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Kohn lecture 2010 - Cell cycle control
The growth and reproduction of all living organisms are dependent on the cell cycle, the process which leads to cell division. Uncontrolled division of cells is important for disease particularly cancer. Two events, S-phase and mitosis, are common to all cell cycles and are necessary for the two newly divided cells to receive a full complement of genes. For more information please visit http://www3.imperial.ac.uk/newsandeventspggrp/imperialcollege/eventssummary/event_17-2-2010-12-35-27
Author(s): imperialcollegevideo

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Douglas Melton, Harvard University: "Stem Cell Challenges in Biology and Public Policy" - April 10,
Douglas Melton will discuss the biology and public policy challenges surrounding stem cell research. The potential of human embryonic stem cells for understanding human development and finding new therapies will be presented. Dr. Melton is a cell and molecular biologist as well as an advocate of embryonic stem cell research. His research focuses on the developmental biology of the pancreas. One of the primary goals of his work is to understand how human embryonic stem cells differentiate into pa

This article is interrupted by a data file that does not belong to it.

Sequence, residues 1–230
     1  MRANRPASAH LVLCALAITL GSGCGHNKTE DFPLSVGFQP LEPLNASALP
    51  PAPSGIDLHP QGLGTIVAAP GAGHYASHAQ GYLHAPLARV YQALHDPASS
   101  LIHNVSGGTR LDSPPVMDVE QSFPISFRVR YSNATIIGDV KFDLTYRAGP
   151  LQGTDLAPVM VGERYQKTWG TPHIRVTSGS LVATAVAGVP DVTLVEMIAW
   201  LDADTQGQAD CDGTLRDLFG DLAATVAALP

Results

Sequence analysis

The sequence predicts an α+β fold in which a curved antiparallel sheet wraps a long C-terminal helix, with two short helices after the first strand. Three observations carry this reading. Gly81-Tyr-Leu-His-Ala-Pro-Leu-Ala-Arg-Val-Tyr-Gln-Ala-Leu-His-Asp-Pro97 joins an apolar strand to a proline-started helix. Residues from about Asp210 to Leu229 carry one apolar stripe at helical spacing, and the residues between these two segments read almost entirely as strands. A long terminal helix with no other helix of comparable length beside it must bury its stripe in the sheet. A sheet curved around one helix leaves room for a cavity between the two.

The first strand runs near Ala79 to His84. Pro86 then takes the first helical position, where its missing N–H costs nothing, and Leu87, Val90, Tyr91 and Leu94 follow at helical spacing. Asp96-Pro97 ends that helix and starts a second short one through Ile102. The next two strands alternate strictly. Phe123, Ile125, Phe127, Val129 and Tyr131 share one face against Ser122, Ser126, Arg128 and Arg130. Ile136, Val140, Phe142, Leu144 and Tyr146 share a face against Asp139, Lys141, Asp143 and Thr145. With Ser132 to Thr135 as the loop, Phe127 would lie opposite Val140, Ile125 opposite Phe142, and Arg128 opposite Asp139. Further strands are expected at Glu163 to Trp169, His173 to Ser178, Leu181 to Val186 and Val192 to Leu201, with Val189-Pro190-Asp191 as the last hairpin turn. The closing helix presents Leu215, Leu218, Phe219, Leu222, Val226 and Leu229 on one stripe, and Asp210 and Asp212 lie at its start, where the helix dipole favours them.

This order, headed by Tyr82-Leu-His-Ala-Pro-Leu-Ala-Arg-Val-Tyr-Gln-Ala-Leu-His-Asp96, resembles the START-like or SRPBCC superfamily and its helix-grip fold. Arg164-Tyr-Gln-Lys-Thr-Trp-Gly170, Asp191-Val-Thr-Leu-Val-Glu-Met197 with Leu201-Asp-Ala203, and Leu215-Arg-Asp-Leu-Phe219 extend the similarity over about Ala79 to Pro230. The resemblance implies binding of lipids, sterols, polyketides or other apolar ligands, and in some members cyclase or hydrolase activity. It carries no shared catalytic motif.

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Ask-a-Biologist vol 026 - Topic: Cell CAT Scans - Guest: Carolyn Larabell
Ask a Biologist - Transcripts - Ask-a-Biologist vol 026 - Topic: Cell CAT Scans - Guest: Carolyn Larabell - Arizona State University > CATEGORIES > Science + Technology > CHANNELS > Ask a Biologist > Transcripts > Ask-a-Biologist vol 026 - Topic: Cell CAT Scans - Guest: Carolyn Larabell
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Ask-a-Biologist vol 026 - Topic: Cell CAT Scans - Guest: Carolyn Larabell
Ask a Biologist - Audio - Ask-a-Biologist vol 026 - Topic: Cell CAT Scans - Guest: Carolyn Larabell - Arizona State University > CATEGORIES > Science + Technology > CHANNELS > Ask a Biologist > Audio > Ask-a-Biologist vol 026 - Topic: Cell CAT Scans - Guest: Carolyn Larabell
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Lecture 19: Cell Cycle/Signaling
MIT 7.012 - Audio - Lecture 19: Cell Cycle/Signaling - MIT > MIT OpenCourseWare > Biology > Courses > MIT 7.012 > Audio > Lecture 19: Cell Cycle/Signaling
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Lecture 23: Cell Potentials and Free Energy
MIT 5.112 - Audio - Lecture 23: Cell Potentials and Free Energy - MIT > MIT OpenCourseWare > Chemistry > Courses > MIT 5.112 > Audio > Lecture 23: Cell Potentials and Free Energy